Many claim lethal injection is the most humane form of execution. But doctors say administering a lethal injection can be difficult, when the convicts have scarred veins. This is sometimes the case because drug abuse is so common among death row inmates. The federal government, the military and 32 states have used this method of execution."

Lethal Injection

Once the appeals process has been exhausted and a time and date has been set for the execution, the inmate is moved from death row to death watch, a part of the prison closer to the execution chamber and away from the general population of death row.

In their final days, the condemned is permitted visitation by family, friends, lawyers, and religious figures if so desired.

When it comes to the final few hours, protocol for the upcoming execution are as follows:

  1. The inmate is allowed one last meal of their choice.
  2. The warden and the chaplain will visit and accompany the condemned until the very end.
  3. The witnesses, usually the family of the condemned, family of the victim, warden, medical personnel, spiritual advisors, guards, state selected witnesses, reputable citizens, and selected media representatives, are allowed into the witness room and instructed to remain silent.
  4. The prisoner dresses for the execution and stays with their religious advisor until the warden gives the word to make the way to the chamber. (Prisoners are brought there only a few minutes before the scheduled execution time)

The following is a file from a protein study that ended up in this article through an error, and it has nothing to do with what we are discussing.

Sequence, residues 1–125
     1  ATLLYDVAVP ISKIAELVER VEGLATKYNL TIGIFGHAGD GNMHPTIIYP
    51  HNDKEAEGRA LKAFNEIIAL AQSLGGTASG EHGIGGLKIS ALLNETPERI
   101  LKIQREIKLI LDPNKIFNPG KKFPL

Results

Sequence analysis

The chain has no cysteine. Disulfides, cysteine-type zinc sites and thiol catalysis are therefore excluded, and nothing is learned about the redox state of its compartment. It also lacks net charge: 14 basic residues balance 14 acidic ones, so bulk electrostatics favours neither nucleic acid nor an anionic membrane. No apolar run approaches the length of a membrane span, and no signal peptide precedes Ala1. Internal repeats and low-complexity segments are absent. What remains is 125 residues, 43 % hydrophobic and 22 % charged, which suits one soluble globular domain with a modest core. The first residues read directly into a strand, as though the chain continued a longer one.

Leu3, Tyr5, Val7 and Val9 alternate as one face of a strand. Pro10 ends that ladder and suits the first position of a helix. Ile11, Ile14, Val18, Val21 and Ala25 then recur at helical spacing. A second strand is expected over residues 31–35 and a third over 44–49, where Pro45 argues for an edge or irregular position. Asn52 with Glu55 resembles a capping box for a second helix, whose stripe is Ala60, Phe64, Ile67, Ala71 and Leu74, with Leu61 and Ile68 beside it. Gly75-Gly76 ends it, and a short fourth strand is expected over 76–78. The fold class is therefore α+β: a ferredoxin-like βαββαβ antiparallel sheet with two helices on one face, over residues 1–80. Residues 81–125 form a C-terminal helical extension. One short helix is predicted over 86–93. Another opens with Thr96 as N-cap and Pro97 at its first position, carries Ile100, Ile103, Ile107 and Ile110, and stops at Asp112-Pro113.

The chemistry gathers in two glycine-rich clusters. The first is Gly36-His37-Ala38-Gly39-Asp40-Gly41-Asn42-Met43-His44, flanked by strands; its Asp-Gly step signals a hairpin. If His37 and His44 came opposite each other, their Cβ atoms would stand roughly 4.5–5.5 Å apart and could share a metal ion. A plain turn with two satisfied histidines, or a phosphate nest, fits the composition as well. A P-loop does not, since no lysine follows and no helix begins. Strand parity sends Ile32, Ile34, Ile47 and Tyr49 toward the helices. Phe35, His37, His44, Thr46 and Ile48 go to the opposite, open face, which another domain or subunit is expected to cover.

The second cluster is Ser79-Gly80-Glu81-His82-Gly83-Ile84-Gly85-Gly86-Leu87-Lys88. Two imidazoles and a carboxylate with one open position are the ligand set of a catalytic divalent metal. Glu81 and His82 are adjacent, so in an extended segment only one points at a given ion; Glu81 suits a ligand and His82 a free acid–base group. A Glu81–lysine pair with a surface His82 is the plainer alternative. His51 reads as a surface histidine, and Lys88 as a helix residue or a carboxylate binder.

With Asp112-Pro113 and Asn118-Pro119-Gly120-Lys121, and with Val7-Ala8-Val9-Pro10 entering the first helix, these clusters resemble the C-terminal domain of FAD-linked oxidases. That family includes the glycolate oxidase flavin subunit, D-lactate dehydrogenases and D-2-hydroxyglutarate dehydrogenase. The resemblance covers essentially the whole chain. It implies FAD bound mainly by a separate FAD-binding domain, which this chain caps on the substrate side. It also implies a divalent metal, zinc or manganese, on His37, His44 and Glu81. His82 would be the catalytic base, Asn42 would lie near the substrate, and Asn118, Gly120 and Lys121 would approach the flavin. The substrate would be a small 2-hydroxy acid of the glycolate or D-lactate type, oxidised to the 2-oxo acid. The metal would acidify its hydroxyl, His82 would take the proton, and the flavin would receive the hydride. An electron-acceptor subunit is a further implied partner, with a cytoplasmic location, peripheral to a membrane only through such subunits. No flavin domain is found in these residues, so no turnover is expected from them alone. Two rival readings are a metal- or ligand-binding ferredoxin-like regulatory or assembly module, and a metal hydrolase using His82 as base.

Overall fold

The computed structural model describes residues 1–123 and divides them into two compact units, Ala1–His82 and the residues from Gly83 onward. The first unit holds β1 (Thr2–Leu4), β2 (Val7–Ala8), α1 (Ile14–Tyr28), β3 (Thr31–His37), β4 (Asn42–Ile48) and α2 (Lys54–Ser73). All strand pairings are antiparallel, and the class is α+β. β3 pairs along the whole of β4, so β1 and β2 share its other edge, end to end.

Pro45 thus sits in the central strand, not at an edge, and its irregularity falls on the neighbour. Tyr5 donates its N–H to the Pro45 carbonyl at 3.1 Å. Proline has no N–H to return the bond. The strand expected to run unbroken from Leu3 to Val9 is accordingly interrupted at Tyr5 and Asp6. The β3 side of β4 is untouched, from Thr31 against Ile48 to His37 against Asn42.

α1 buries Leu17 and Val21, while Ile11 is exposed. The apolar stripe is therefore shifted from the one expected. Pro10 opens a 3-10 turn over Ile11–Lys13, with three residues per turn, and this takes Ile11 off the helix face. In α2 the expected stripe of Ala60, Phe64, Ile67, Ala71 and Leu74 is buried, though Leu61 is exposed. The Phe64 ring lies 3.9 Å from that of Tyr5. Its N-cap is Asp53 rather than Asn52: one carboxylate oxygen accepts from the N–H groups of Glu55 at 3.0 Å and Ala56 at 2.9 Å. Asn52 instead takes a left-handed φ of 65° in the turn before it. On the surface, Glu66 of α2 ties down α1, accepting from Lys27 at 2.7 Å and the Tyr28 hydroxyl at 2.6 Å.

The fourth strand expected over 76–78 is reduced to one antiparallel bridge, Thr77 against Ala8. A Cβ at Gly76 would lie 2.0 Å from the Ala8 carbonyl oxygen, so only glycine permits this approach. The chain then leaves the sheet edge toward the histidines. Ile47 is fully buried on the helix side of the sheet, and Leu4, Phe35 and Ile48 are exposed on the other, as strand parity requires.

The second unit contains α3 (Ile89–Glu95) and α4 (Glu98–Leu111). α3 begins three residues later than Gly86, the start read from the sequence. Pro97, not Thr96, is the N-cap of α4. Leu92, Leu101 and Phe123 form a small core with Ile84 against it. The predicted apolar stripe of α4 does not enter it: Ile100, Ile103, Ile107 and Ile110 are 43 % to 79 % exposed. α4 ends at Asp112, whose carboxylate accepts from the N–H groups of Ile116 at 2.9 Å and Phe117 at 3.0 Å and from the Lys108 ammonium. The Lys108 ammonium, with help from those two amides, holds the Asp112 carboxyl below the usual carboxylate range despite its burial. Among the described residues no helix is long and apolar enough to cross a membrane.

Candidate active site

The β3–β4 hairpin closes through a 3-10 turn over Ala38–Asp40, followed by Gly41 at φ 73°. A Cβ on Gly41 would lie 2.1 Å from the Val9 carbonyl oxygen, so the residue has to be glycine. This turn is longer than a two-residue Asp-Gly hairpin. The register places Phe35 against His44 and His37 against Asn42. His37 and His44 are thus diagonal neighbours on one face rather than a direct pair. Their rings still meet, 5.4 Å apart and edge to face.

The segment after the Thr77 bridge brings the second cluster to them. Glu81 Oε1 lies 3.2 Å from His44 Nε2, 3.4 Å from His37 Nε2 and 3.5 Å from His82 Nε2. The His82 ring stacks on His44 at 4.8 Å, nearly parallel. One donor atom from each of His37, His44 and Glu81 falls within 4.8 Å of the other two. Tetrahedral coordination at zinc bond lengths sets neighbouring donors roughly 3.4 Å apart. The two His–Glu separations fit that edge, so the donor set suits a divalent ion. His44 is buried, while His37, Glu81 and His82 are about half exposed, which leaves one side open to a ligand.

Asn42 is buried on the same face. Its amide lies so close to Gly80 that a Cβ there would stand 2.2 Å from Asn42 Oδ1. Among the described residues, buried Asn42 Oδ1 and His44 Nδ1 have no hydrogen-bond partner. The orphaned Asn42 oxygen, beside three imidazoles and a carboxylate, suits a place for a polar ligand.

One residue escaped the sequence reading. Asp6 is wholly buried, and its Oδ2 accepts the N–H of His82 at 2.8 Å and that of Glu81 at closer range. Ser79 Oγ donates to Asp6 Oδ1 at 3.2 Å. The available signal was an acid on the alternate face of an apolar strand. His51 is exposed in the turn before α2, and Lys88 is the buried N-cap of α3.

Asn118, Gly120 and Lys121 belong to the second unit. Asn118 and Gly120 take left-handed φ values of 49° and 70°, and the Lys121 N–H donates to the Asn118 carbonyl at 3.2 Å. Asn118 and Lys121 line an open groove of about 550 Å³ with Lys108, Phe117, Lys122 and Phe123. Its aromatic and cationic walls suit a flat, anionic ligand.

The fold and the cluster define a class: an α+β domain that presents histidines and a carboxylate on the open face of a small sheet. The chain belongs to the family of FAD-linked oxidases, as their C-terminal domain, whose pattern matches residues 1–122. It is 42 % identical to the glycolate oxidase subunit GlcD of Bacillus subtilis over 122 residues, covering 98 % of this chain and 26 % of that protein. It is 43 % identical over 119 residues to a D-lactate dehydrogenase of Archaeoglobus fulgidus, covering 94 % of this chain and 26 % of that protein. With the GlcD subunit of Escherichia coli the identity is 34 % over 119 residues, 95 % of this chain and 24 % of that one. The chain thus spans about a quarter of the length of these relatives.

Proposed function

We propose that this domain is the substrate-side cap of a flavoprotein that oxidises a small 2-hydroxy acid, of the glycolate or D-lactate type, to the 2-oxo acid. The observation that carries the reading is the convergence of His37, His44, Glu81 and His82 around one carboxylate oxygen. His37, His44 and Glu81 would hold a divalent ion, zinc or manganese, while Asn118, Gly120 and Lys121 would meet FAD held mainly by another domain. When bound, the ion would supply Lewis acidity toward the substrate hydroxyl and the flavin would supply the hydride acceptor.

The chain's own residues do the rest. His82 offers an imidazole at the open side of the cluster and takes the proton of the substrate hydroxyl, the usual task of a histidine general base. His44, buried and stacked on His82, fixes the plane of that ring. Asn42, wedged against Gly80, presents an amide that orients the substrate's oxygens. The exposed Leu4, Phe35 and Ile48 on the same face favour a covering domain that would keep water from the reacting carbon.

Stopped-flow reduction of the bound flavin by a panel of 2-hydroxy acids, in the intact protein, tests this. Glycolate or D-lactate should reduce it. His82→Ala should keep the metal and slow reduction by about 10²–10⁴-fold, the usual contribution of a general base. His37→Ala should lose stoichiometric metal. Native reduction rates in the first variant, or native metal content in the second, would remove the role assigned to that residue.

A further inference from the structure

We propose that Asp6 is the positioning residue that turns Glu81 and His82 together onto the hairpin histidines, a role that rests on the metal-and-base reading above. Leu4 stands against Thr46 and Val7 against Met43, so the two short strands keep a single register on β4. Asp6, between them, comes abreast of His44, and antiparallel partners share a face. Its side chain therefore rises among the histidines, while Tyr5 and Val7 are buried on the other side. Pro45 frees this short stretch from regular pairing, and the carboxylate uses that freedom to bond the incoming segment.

Once the condemned is in the chamber, they are strapped to a gurney. Arms, wrists, ankles, and body are all secured with padded restraints. The head may be left unrestrained to enable the prisoner to look at the witnesses; this is all dependent on whether or not the prison has a one way mirror or just a pane of glass between the two. When the restraints are in place two intravenous tubes are inserted, one in each arm. A curtain is pulled back to reveal the witnesses.

An execution team, usually trained personnel of the prison, is assembled to administer the three chemicals. They are injected precisely in this order:

  1. Sodium-thiopental- this is a barbiturate that induces general anesthesia to put the prisoner to sleep. (The executed will feel nothing from this stage on)
  2. Pancuronium bromide- This is a muscle relaxant that causes the person to stop breathing by paralyzing the diaphragm and lungs.
  3. Potassium chloride- This interrupts the electrical signaling in the heart and results in cardiac arrest.